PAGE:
But there’s the trap: given how ready I know the world is to see little old me as a burden, as fragile, as childlike, as needing the care and assistance of big, strong, younger, abled folks, I sometimes feel like I’m betraying my disabled community to
admit that, yes, I am often fragile. I get so very tired, that I often need help. Needing help feels infantilizing, feels a step closer to death. But I hold back from telling even close friends and loved ones that I’m anxious and depressed, because I know they’ll pull out this ableist trope, “Well, of course, you’re upset and defeated. You’re bloody disabled, for heaven’s sake!” I absolutely don’t want to hear one more “friend” tell me that they would kill themselves if they were me. This is not an unusual event. It’s the casually brutal ableist “help” disabled people hear every day.

How do I claim the right to grieve my degenerating body, without fueling that
negative stereotype? I have worked hard all my life to avoid admitting my pain. After multiple childhood surgeries, I walked unassisted until my forties. I walked through one marriage, two children, one divorce, and three decades as a teacher and union activist. In my fifties, I needed a crutch. Then two crutches. Then a walker. Today, for any outing of more than a block, I need someone to push me in my wheelchair. As I age, I age disabled. As my energy and mobility shrink, there are increasingly things I cannot do. Like my laundry. Like making my bed. Like dressing myself and brushing my hair. Like wiping my bum.

As life leaves me, my grief grows. With each passing week, I lose something else.

I can’t get used to the loss before I lose something else again. I’m increasingly barred from stores, concerts, restaurants, literary festivals, and the homes of most of my friends. I’ve never seen my son’s apartment; it’s up a flight of stairs.

As these losses accumulate, as I absorb each new punch, I bounce back and forth between fury and despair. The fury I can share openly. Activists are expected to be angry. The despair I have always kept private. I know self-silencing is unhealthy; I know it’s the stigma of internalized ableism that makes me ashamed of my disabled despair, but I am still ashamed.

When you age as an activist, when you look in the mirror and need to see a proudly disabled little old lady, the pressure to be seen as independent, to stubbornly refuse help, is overwhelming. It feels like a capitulation to the medical model to admit that my pain is debilitating. Because pain is not imposed by ableist society. It is not a social construct.

Pain is my every breath. Despite surgery and meds, it cannot be cured. It most definitely cannot be changed by activism, by rallies, Twitter campaigns, accessibility initiatives, and human rights legislation. To best defend my community, I know I must be more open about my mental health. I know I have to learn to say this out loud: “Yes, here at the intersection of ageism and ableism, the impairments of chronic pain are a problem. I need help.”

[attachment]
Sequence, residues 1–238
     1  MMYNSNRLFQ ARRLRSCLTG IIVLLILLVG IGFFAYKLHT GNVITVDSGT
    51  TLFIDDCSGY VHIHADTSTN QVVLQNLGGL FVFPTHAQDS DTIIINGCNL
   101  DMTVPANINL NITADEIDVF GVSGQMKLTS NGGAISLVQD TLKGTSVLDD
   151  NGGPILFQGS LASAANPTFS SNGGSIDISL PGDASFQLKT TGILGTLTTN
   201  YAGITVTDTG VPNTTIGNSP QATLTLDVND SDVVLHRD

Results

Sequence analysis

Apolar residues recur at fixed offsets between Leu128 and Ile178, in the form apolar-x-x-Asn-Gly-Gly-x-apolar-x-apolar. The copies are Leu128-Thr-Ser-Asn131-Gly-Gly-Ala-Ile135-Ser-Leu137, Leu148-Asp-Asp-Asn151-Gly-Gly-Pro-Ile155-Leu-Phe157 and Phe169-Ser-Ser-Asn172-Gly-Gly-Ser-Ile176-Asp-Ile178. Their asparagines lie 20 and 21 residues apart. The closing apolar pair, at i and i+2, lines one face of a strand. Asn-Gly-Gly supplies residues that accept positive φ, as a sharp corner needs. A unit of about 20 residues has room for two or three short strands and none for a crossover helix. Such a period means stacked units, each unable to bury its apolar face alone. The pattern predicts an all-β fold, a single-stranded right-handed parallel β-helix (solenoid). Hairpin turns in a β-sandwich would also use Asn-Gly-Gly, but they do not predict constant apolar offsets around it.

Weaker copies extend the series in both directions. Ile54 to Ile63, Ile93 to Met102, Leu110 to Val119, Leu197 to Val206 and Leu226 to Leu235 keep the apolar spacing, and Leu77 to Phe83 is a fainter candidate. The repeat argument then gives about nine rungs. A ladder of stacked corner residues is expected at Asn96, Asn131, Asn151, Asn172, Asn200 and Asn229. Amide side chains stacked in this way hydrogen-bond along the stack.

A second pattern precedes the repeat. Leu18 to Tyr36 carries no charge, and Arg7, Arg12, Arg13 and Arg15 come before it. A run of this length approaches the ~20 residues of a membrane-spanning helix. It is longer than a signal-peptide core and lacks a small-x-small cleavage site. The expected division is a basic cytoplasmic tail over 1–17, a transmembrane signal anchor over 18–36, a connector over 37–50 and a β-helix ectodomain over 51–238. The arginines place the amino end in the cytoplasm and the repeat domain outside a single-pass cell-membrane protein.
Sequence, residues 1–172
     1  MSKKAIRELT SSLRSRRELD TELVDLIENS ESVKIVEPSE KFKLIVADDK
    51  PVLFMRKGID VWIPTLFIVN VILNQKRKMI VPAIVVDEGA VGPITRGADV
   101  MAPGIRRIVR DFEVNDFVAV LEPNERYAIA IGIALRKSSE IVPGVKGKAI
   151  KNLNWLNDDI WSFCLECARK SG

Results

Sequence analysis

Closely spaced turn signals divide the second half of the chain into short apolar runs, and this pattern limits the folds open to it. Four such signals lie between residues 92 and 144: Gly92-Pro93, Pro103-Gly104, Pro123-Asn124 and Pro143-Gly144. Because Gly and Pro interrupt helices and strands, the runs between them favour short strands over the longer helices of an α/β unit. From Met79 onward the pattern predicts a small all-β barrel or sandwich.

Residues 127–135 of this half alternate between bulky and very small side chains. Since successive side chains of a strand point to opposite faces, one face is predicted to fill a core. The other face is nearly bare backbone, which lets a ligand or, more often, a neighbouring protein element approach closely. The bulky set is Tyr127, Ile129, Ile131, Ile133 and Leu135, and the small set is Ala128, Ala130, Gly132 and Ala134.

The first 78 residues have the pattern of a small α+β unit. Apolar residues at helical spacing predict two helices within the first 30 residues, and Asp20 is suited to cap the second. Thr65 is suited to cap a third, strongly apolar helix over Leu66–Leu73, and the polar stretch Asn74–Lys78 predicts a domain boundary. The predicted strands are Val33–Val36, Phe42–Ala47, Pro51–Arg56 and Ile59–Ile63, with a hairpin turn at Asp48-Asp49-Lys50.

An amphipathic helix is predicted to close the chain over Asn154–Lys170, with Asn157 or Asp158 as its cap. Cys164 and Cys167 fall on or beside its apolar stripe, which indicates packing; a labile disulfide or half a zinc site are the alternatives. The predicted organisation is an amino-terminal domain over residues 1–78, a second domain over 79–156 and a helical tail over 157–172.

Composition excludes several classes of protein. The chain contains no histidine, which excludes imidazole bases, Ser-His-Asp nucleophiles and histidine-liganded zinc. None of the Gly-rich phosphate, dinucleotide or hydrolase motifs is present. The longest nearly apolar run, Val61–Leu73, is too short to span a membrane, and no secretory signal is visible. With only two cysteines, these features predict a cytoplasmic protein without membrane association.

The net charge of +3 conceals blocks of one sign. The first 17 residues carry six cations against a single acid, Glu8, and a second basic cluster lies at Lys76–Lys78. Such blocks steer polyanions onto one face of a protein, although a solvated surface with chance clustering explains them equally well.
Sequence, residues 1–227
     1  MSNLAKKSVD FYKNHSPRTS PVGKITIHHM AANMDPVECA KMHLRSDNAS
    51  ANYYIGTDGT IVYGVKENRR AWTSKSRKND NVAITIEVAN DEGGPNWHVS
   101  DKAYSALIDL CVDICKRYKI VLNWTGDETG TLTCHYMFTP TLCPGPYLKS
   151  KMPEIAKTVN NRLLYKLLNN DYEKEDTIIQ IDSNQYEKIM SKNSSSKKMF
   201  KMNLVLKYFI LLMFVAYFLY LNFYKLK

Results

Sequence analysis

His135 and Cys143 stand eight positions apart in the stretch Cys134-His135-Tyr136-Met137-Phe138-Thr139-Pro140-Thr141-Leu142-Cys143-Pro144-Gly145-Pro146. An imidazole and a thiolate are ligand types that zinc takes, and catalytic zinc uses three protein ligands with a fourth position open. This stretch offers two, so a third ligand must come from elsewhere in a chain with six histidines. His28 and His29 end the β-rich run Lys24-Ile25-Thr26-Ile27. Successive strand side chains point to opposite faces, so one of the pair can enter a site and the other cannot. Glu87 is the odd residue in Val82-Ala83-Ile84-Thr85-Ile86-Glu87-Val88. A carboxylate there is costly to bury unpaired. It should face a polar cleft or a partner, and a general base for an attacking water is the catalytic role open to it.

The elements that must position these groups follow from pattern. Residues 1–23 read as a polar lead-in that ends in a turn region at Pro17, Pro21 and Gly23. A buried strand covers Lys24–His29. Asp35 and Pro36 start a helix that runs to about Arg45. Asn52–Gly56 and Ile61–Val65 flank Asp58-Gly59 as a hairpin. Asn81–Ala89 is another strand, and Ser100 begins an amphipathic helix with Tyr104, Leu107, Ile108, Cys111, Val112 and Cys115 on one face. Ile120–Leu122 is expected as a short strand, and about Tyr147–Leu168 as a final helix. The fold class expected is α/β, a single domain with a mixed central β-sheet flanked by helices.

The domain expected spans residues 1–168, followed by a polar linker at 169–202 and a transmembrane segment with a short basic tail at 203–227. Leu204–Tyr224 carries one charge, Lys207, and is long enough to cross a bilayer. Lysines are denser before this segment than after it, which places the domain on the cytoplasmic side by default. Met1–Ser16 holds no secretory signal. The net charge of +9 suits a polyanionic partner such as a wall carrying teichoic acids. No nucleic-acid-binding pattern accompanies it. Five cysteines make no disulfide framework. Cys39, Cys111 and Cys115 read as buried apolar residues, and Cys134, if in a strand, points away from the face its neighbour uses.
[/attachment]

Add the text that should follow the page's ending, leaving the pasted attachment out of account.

But I can’t say it. Not yet. It makes me feel like a traitor.


I’m back in the park a week later, when another man shows up.

This one has clean, fashionable clothes and doesn’t smoke. He’s blonde, blue-eyed, and considerably younger. He comes right up to me smiling. My 1950’s programing as a nice girl makes me read him as a nice boy. I smile back. And he says, “Gimps really do it for me.” He tugs on his fly. “Wanna watch me cum all over your walker?”

I get away this time too. But I wonder how many more times I will do so?

Men in parks have power over me, not because I cede it to them, but because the world gives it to them. It’s material, not a matter of attitude. Misogyny, ableism, and ageism—they are the three ropes that braid the tether my life. My curtailment fuels their strength, empowers their entitlement. The power of strange men in parks is not strange. It’s the norm.

Welcome to rape culture in the daily life of a disabled senior woman.

But I’m lame. I’m old and so very lame. So please don’t tell anyone I complained. ♦

Dorothy 2.jpg

DEP PhotoDorothy Ellen Palmer is a disabled senior
writer and accessibility consultant. Her first novel, When Fenelon Falls,  (Coach
House, 2010), features a disabled teen
protagonist in the Woodstock-Moonwalk
summer of 1969. Her disability memoir,
This Redhead and Her Walker Walk into
a Bar,
appears with Wolsak & Wynn in
Fall, 2019.
Twitter: @depalm